22. They were intended to be non-probabilistic as I was giving them as examples of why “closeness to truth” is not a good definition of probability.
    1. The statement that the circumference of a circle is six times its radius has zero probability of being true but it is close to the truth.
    3. Knowledge of the fact that the murdered duke wrote a deathbed note which will tell me whether it was Colonel Mustard or Professor Plum who poisoned him brings me closer to the truth without increasing the probability of either hypothesis.
    2. Your attempt to define probability as “closeness to the truth” may be close to the truth but it has zero probability of actually providing a useful definition.

  23. Briggs


    I assume you meant your “2” as a joke, but it has backfired on you. In a useful way, however. Let’s see.

    1. A = “The circumference of a circle is six times is radius.” Now, there is no such thing as


    But we can calculate:

        Pr(A | E) = 0

    where E = “My knowledge of geometry as might be found in any high school or higher text”. Notice that this is completely different than B = “A is a good approximation”. We still cannot calculate


    But we can calculate:

        Pr(B | E & F) = 1

    where we have the same E plus information F = “A good approximation is being within plus or minus 20% of the radius” or some other F (different F might change the probability, of course).

    3. A = “Duke says M or P killed him”. If B = “M killed the Duke” then

        Pr(B | A) = 1/2

    and similarly for C = “P killed the Duke.” The probability

        Pr(Duke was murdered | evidence of dead body & foul play) = 1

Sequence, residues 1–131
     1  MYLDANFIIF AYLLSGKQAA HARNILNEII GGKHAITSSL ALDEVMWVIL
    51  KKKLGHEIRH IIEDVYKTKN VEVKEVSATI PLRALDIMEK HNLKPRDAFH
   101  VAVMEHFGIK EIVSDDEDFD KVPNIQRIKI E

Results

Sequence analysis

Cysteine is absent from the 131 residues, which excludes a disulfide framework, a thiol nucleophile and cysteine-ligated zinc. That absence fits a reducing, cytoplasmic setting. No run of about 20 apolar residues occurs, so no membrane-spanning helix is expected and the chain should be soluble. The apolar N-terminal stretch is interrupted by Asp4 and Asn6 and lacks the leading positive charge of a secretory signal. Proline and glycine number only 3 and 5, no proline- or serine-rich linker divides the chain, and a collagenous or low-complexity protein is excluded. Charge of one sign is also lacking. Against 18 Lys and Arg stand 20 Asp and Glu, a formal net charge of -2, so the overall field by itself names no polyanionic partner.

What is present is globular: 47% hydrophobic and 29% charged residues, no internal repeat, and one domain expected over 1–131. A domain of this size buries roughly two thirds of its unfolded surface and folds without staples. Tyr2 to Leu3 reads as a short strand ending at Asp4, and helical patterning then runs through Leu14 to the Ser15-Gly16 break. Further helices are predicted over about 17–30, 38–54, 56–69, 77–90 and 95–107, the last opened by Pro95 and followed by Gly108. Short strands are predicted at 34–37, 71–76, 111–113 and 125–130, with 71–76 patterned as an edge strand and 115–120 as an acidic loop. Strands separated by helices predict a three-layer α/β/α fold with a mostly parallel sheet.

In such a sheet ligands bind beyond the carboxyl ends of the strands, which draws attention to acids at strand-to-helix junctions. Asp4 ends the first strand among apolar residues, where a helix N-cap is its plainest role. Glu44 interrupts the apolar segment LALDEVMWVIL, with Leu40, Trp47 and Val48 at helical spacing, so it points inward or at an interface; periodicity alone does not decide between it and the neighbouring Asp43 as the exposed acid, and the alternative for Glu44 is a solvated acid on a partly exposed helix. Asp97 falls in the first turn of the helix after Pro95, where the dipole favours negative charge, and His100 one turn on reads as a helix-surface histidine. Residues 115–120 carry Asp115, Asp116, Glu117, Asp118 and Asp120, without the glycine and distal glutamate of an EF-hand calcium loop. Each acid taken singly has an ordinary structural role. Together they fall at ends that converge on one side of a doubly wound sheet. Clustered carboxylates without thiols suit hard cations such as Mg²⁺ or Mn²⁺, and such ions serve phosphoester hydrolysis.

which is the same as

        Pr(Duke was murdered by somebody | evidence of dead body & foul play) = 1.

    But we cannot compute

        Pr(Duke was murdered by M | evidence of dead body & foul play) = unknown,

    unless we condition on something more, namely a list of suspects.

    2. I could write this out, but you’ll get the idea. The probability that I have provided you the true definition, given all this (and other information on the blog) is 1.

  24. SteveBrooklineMA

    I once subscribed to Significance, but only 5% of the issues showed up.

  25. All I can say is that I think you must have missed my point – which was that there are common language senses of “closeness to truth” which have nothing to do with probability, and so that “closeness to truth” is not a good definition of probability.

    This all started when I asked you what you would say ‘the probability that A is better than B is 80%’ means, and so far I haven’t seen anything not glib in response.

  26. Briggs


    I haven’t; you have failed to make yours. In order to disprove my thesis, you need to show an example that can’t be written in the forms (for example) that I’ve given.

  27. Thanks for trying, but I don’t understand what you are saying. If you have given an intelligible answer to my question about the meaning of probability then I guess I’ll just have to accept that the subject is beyond me.